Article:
Preliminary Rockfall Evaluation for the Historic Columbia River Highway State Trail, Segment E

The Historic Columbia River Highway (HCRH) is America’s first scenic highway and was constructed between 1913 and 1922. During the 1940’s and 50’s many sections of the HCRH were removed and/or abandoned due to construction of a route closer to the elevation of the Columbia River, which would eventually become I-84. Since 1987, the Oregon Department of Transportation has been working with stakeholders to restore the HCRH as a bike and pedestrian trail. Segment E includes a 2.7-mile section of the trail approximately 50 miles east of Portland, OR that is currently under design and awaiting additional funding to construct. Segment E is subdivided into seven rockfall reaches, where the trail alignment runs along the base of slopes with slope between 80 and 280 feet. All slopes are composed of flows of the Columbia River Basalt (CRB) Group, exposed by the Missoula Floods of the late Pleistocene and have a history of frequent rockfall activity. Preliminary rockfall evaluations for the seven slopes in Segment E included surface reconnaissance, on-slope (rope-accessed) reconnaissance and geologic mapping, kinematic analysis, rockfall simulations, and development of preliminary rockfall risk reduction measures. Preliminary rockfall risk reduction measures were required to meet specific rock retainment criteria for the trail and I-84 while limiting impacts to the aesthetic qualities of the Columbia River Gorge. This paper discusses the preliminary rockfall evaluations for all seven slopes, but focuses on the design challenges encountered at two specific slopes within Segment E.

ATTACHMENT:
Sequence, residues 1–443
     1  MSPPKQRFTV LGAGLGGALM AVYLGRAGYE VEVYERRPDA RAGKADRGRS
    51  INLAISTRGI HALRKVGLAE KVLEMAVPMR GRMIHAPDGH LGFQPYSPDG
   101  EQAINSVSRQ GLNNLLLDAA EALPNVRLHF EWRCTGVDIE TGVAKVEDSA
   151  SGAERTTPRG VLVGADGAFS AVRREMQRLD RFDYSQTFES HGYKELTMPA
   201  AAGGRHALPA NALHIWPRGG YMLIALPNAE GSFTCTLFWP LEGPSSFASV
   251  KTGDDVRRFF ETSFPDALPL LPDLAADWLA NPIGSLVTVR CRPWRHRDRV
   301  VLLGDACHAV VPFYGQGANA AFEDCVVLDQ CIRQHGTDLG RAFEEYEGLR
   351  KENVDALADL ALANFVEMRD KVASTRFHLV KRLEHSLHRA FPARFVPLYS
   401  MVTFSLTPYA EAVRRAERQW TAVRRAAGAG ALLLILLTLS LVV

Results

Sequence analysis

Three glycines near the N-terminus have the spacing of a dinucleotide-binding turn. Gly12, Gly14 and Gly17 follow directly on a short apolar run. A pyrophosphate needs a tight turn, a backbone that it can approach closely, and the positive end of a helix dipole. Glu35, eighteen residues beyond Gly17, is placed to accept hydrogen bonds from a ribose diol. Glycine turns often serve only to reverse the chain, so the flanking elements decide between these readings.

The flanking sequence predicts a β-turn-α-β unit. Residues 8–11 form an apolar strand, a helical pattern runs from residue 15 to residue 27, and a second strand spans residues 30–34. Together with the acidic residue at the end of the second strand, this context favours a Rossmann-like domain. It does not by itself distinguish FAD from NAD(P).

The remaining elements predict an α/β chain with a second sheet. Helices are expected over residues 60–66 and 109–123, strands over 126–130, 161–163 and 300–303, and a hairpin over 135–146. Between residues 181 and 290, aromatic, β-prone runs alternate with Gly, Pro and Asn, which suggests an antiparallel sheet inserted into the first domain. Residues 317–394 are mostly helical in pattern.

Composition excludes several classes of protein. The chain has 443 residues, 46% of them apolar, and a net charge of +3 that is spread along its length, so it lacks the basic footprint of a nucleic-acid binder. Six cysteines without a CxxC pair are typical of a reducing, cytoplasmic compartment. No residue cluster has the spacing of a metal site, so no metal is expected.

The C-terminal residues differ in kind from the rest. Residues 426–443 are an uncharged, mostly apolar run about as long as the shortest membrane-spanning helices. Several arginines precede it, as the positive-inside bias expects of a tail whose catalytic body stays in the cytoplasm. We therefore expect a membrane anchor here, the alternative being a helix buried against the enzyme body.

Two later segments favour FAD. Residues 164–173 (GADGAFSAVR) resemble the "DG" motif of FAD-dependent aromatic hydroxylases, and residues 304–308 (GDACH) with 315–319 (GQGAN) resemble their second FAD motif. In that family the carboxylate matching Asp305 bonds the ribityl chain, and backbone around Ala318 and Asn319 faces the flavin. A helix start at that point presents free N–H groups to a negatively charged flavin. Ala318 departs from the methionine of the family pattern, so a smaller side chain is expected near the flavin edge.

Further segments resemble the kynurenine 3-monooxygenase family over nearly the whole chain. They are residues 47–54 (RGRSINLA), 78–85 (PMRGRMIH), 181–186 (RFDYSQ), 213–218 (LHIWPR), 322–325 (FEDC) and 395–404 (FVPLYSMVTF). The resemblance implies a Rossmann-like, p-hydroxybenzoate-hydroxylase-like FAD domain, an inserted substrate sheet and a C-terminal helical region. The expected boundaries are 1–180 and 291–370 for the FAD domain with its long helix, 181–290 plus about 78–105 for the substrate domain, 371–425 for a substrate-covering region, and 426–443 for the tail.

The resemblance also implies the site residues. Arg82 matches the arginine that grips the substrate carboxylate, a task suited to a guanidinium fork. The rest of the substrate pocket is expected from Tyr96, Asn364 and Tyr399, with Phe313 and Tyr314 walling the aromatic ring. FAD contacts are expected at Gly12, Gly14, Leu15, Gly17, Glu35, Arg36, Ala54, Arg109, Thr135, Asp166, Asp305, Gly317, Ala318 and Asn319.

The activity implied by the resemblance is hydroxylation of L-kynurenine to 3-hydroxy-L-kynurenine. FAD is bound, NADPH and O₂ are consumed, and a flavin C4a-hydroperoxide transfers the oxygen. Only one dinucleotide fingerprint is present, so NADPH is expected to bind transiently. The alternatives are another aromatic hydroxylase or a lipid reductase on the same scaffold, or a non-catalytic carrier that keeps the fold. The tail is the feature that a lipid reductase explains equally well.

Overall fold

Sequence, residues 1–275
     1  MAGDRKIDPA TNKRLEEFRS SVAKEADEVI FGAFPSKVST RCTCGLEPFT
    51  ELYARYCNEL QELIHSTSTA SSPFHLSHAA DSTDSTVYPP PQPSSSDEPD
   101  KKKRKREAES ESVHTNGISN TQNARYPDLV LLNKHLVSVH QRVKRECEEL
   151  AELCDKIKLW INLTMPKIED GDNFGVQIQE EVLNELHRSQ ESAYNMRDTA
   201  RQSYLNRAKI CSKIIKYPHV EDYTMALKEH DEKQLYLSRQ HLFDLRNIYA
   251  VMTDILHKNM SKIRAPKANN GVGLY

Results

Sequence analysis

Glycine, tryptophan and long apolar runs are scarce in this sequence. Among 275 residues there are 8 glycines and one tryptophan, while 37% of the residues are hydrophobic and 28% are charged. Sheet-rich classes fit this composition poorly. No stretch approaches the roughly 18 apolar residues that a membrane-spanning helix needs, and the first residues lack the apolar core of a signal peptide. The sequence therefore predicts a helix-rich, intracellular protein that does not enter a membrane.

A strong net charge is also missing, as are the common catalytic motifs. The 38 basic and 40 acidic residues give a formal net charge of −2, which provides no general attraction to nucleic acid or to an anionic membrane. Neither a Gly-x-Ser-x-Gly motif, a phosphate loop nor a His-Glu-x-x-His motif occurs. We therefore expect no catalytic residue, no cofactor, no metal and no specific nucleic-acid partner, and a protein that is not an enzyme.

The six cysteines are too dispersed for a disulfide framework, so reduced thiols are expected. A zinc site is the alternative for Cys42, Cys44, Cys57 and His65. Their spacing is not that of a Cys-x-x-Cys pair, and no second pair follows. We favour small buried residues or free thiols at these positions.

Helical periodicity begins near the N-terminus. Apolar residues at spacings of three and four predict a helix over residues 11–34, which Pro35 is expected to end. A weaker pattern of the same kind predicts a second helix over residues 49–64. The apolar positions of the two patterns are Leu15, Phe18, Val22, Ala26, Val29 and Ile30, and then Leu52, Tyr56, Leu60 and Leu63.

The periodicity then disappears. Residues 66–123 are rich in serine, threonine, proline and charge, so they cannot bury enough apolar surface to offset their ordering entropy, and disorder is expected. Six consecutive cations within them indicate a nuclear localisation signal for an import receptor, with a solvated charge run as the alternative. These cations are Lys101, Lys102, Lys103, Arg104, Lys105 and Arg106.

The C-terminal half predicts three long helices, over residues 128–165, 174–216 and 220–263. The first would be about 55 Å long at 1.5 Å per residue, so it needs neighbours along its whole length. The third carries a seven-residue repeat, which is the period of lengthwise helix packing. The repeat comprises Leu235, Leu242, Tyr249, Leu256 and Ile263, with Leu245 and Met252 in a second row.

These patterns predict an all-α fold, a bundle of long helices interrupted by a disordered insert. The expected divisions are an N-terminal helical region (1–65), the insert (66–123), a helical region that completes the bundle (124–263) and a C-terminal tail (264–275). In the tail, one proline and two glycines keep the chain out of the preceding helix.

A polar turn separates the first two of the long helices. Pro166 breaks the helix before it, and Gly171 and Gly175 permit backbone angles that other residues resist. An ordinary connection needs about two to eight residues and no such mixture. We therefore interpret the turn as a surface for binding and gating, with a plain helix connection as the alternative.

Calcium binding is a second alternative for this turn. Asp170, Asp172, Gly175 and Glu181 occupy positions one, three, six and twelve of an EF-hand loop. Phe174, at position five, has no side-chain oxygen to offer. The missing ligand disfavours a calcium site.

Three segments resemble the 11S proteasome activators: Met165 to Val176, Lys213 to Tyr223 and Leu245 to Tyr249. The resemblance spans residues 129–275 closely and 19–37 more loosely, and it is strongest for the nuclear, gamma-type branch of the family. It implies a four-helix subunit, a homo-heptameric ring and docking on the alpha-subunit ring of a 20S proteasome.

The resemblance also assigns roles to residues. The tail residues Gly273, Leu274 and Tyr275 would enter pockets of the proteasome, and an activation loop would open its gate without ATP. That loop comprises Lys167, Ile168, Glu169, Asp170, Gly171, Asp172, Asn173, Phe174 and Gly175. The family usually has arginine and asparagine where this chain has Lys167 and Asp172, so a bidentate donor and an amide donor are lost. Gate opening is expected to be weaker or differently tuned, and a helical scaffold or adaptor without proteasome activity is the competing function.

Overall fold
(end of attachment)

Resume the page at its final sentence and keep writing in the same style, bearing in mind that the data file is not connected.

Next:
• English

Media Info

  • Media Type: Digital/other
  • Features: Figures; Photos; References; Tables;
  • Pagination: 20p
  • Monograph Title: Proceedings of the 70th Highway Geology Symposium (HGS 2019)

Subject/Index Terms

Filing Info

  • Accession Number: 01735579
  • Record Type: Publication
  • Files: TRIS
  • Created Date: Apr 2 2020 9:42AM